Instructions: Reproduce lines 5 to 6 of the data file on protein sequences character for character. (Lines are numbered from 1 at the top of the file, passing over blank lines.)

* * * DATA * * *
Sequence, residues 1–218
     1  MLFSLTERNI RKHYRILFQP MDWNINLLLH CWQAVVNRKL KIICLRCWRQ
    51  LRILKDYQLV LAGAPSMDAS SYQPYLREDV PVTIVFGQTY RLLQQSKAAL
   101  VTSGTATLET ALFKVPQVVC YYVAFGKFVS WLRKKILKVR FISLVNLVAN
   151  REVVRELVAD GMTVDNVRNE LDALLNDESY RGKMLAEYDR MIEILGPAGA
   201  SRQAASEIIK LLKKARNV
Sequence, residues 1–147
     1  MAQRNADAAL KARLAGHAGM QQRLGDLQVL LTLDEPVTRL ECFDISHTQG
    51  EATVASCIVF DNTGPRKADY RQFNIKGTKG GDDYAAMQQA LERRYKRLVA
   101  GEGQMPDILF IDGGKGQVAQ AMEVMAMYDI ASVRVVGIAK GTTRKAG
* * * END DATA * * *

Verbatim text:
   151  REVVRELVAD GMTVDNVRNE LDALLNDESY RGKMLAEYDR MIEILGPAGA
   201  SRQAASEIIK LLKKARNV